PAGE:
COMMANDANT EDELMAN is a fascinating story of one of the commandants of the Warsaw ghetto uprising in April 1943. A story about life, love, friendship, fight and some not so obvious rules. It is also a story about a man, who despite circumstances always walked on the bright side of life.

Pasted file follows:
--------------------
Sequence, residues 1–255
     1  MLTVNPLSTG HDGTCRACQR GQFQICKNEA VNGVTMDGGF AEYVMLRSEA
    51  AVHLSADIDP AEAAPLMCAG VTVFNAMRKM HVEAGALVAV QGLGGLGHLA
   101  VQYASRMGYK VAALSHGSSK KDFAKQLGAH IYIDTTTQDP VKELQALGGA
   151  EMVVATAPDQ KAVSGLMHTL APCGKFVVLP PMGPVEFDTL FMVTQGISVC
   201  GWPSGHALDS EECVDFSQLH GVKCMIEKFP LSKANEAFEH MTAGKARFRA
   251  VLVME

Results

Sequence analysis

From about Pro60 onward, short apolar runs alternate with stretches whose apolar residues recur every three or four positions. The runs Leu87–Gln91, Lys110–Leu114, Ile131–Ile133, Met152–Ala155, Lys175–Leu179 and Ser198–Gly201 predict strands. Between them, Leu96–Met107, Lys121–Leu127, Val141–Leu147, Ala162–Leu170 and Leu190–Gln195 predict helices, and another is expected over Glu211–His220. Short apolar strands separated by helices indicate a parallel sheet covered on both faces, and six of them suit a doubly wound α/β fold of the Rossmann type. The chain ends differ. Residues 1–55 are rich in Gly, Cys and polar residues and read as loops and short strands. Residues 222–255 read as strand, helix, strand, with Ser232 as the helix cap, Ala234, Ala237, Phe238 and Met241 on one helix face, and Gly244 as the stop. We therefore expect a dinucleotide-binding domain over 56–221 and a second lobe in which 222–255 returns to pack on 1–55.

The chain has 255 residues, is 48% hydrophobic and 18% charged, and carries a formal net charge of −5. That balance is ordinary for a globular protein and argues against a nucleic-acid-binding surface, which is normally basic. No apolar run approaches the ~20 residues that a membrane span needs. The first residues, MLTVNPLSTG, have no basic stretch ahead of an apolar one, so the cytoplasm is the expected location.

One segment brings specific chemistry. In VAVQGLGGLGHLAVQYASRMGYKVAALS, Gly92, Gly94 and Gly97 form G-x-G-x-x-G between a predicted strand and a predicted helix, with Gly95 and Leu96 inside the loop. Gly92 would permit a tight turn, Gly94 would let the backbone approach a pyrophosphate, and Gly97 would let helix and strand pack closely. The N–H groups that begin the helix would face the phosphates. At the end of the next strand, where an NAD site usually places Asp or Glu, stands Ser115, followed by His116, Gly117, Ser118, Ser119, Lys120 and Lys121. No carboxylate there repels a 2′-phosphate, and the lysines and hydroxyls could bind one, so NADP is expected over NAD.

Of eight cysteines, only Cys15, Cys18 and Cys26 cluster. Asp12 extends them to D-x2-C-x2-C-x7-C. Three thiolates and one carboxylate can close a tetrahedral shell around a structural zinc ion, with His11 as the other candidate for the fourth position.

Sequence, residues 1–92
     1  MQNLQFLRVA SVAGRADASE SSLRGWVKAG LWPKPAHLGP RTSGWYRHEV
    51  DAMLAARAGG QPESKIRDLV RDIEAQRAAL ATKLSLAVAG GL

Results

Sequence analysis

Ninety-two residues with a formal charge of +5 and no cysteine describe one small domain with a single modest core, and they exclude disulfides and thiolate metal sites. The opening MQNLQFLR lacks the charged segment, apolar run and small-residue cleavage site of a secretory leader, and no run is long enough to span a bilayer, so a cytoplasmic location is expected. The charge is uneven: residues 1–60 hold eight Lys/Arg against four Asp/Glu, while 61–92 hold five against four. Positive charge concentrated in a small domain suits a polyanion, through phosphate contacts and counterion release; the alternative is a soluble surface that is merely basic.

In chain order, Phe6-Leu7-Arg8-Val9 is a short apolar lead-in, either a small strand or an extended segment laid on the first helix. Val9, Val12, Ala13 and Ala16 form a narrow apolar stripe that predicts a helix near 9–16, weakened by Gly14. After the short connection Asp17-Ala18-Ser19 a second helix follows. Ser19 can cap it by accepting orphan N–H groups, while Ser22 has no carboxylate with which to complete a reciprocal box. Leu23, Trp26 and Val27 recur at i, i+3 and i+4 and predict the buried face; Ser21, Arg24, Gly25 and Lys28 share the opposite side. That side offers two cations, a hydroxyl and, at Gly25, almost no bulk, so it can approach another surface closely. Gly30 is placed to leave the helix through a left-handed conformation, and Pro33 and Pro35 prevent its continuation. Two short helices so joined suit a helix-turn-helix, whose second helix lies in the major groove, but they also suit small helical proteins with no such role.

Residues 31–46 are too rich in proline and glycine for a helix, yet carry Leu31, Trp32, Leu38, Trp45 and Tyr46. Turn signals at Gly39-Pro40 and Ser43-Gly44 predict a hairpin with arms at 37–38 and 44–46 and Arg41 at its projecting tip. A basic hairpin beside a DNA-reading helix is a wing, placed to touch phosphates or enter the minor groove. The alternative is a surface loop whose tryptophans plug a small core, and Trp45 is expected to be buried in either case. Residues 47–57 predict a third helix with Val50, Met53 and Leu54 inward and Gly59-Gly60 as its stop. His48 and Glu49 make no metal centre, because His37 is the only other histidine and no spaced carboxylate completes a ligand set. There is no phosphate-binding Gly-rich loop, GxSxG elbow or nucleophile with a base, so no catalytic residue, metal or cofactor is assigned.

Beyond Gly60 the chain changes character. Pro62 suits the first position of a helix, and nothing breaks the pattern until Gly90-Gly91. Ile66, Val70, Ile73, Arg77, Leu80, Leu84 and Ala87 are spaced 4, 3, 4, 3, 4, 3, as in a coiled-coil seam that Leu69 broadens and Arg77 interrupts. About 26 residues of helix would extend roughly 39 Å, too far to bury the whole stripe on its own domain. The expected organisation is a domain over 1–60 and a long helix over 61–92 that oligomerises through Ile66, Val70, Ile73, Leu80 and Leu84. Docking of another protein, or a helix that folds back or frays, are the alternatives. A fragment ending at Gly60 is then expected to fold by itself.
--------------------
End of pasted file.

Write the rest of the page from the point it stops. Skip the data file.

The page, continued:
Marek Edelman (born in 1918) is a Polish political and social activist, cardiologist and the last living leader of the Warsaw ghetto uprising. Before the war, he was an activist in the Jewish organization called "Bund", and in 1943 he became one of the leaders of the uprising of the Jewish Ghetto in Warsaw. By a miracle, he, along with a handful of other insurgents, managed to break out of the ghetto. Despite this, the next year he was once again fighting: this time the Nazis in the Warsaw uprising in August 1944. After the Second World War Edelman studied medicine in Lodz and became a well known cardiologist. He never left Poland, deciding to stay there as a witness to the Holocaust and a fighter for human rights. In the 1970s, he joined the nascent democratic opposition and signed a protest against changes to the constitution subordinating Poland to Moscow. In 1980 he worked with Solidarity, and was interned during the period of martial law in 1981. He participated in the Round Table Talks in 1989 and when Poland became a free country, he remained active as both a doctor and a fighter for the observance of human rights throughout the world. His letter, justifying the use of NATO armies in Kosovo, was quoted by President Clinton.